By: Henry Rademacher
On Friday, December 13, 2019, the Brookings Institution hosted a panel discussion on data privacy, specifically the effects that General Data Protection Regulation (GDPR) and California Consumer Privacy Act (CCPA) have on businesses and consumers. Like its European cousin, GDPR, CCPA has been a boon for the panel discussion industry. The extent to which it will benefit consumers is far less certain.
California’s controversial data protection law was signed into law 18 months ago. It does not go into effect until January 1, 2020. Independent researchers commissioned by California itself estimate companies will pay up to $55 billion in initial compliance costs. Then, anywhere “from $467 million to more than $16 billion over the next decade.”
Compliance costs will hit startups and smaller companies much harder than established giants. However, it would be wrong to assume the world’s largest companies are not intimidated by CCPA. Microsoft has already announced that it will “honor” CCPA in all 50 states.
Several states have passed, or are attempting to pass, their own versions of CCPA, leaving consumers stuck with a messy patchwork of differing regulations. Because the companies most heavily involved in data collection all do business nationwide, each state having a different policy is only going to make a muddled situation more complicated.
Across the political spectrum, there is increasing agreement that data protection is best handled at the federal level. However, there is substantial disagreement over how it should be done. Many, including Digital Liberty, have advocated for a system that is market-based and user-controlled. Others simply want something similar to CCPA to be enacted at the federal level.
One of the people in favor of a federal legislation similar to CCPA is Joseph Wender, senior policy analyst for Senator Edward J. Markey (D-MA). At the Brookings event, Wender expressed optimism that a federal data privacy bill could be passed by the end of 2020. Unfortunately, when asked, Wender was unable to provide any estimate of the compliance or implementation costs that would arise from such a bill. He freely admitted that Senator Markey’s office does not yet have a plan for preventing these costs from being passed on to consumers.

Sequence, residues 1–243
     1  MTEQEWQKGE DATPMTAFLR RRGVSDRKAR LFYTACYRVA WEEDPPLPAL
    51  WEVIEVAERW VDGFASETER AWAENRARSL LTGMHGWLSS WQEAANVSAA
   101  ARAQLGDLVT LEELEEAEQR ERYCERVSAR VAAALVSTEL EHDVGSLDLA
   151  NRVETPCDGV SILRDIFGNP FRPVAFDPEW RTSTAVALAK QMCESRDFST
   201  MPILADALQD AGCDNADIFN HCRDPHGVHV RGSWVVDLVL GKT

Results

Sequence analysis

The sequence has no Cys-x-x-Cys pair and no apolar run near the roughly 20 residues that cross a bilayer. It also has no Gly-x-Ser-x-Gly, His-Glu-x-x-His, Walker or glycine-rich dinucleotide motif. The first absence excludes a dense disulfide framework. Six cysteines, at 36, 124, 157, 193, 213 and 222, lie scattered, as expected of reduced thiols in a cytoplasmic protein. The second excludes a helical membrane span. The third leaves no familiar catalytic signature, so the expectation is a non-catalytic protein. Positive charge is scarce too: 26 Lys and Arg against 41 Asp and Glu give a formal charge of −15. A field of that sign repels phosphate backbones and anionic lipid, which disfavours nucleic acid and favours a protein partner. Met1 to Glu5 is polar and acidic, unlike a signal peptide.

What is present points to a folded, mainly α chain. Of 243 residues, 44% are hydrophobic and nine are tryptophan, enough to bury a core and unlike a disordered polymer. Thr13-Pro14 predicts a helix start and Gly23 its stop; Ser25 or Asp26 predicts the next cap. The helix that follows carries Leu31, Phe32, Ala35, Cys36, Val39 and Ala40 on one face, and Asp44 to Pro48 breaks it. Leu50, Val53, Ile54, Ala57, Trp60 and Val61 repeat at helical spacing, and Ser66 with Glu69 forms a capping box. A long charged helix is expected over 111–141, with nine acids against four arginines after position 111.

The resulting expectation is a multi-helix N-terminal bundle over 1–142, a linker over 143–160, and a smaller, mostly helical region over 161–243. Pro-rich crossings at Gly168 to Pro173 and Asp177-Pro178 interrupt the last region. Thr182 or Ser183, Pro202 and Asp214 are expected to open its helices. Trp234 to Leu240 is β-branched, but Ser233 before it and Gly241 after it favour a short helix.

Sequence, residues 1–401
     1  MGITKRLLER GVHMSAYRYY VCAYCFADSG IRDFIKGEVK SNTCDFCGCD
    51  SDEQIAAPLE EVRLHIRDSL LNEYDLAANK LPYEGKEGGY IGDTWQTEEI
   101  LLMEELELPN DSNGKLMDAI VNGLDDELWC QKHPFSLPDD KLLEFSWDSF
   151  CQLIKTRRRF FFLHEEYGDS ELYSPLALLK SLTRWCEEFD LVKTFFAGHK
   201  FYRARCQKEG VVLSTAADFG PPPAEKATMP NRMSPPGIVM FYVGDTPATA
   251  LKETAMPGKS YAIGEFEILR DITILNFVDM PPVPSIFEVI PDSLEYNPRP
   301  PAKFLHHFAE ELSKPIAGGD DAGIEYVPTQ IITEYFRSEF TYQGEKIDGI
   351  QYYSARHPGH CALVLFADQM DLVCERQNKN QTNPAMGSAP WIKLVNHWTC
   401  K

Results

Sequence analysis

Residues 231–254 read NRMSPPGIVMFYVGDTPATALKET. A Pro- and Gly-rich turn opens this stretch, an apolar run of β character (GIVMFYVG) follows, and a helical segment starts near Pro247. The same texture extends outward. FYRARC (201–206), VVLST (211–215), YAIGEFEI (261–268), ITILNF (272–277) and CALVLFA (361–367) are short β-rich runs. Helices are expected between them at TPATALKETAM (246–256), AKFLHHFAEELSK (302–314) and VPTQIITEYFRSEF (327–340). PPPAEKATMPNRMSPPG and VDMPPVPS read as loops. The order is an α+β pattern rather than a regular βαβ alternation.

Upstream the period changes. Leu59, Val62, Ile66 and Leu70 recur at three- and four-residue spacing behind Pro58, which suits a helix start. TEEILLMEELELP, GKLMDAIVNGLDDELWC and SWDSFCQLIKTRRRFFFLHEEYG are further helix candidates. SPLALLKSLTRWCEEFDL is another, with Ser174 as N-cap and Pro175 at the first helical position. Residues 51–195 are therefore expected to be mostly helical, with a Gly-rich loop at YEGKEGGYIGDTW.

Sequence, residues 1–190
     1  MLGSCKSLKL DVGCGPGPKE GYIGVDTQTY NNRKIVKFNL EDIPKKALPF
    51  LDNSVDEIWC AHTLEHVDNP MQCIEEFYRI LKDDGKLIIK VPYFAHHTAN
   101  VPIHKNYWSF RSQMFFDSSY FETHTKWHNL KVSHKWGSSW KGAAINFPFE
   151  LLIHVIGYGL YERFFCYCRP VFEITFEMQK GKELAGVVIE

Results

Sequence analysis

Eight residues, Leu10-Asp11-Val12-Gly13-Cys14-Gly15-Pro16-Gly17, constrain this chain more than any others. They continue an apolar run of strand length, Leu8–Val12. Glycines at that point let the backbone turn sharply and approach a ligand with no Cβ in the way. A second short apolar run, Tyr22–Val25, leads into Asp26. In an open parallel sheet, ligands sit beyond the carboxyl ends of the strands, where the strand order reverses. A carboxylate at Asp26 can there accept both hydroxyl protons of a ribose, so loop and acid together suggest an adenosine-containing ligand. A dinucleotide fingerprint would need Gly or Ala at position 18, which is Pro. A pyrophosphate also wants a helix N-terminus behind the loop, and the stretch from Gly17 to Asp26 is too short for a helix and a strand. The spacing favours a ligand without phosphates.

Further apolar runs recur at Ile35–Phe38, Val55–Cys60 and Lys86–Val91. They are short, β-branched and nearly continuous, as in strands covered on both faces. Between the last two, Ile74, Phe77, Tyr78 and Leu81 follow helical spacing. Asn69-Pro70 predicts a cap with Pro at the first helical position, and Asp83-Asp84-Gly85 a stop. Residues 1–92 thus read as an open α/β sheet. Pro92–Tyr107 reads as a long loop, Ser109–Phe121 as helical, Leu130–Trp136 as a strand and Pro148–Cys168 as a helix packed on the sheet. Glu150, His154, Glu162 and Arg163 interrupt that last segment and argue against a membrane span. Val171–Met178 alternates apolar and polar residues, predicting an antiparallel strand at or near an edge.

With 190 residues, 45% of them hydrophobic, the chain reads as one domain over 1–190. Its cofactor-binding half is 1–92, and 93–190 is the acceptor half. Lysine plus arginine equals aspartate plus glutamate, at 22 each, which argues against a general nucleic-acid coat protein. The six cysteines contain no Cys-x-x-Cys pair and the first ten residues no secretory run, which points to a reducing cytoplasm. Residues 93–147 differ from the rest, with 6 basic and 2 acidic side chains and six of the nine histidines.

But such a policy would have high financial costs. CCPA applies to businesses that meet at least one of three criteria: “companies with more than $25 million in gross revenue, businesses with data on more than 50,000 consumers, and firms that make more than 50% of their revenue selling consumer data (i.e. data brokers).” As recently as August of this year, “only 8% of 1,500 businesses (polled) said that they are ready for CCPA compliance, while 34% said they will be by Jan. 1.”
We are mere weeks away from finding out the fate of the 92% of polled businesses who were not ready for compliance a few months ago. If GDPR is any indicator, the results will not be good.
Although they are frequently discussed together, CCPA and GDPR have significant differences. DLA Piper, whose client roster is full of companies that will have to deal with both policies, have outlined the key differences as follows:
- The CCPA’s definition of personal information specifically includes household information.
- Under GDPR, a business does not necessarily need the individual’s consent to collect and use data, in which case the individual does not have a general opt-out right. But CCPA grants individuals an absolute right to opt out of the sale of their personal information and obligates businesses to add a “Do Not Sell My Personal Information” link on websites and mobile apps.
- Although both the CCPA and GDPR prescribe provisions that must be included in contracts with service providers, the requirements differ, and GDPR data processing agreements will likely not meet CCPA requirements.
- Finally, the GDPR and CCPA take different approaches to children’s privacy rights. GDPR requires that parents provide consent for the processing of their children’s personal information in an online environment – but only where the legal basis for processing is consent. Children are defined as under 16, although member states can lower the age to 13. The CCPA, in contrast, addresses the sale of children’s information – not all processing – and requires that businesses first obtain opt-in consent. Parents must provide consent for kids under 13; teens 13-15 can provide their own consent.”
Roslyn Layton of the American Enterprise Institute pointed out that lawyers and consultants, not consumers, have the most to gain from CCPA. She stated that, regarding compliance costs, “The number one cost is a privacy consultant…the second highest is the IT cost.” She added that “the minimum cost is between $100,000 and $1 million for a company to comply with CCPA.”
Big companies can afford those types of compliance costs. Startups and smaller companies may or may not be able to. More than 1000 companies ceased operating in Europe after GDPR was instituted. A similar exodus could easily befall California. Even if it does not, competition will be reduced, while the rich will continue to get richer.
Beyond the economic problems with CCPA, there is the question of whether or not it is even constitutional. It has been argued that CCPA could be unconstitutional under the Commerce Clause because it gives an individual state far-reaching authority to regulate interstate commerce.
CCPA has too many problems to be used as a framework for federal policy on data protection. Gargantuan compliance costs, serious questions about constitutionality, and a paucity of tangible evidence that it will actually benefit consumers could make CCPA an even riskier bet than GDPR.
Photo Credit: Tom Hilton (flickr)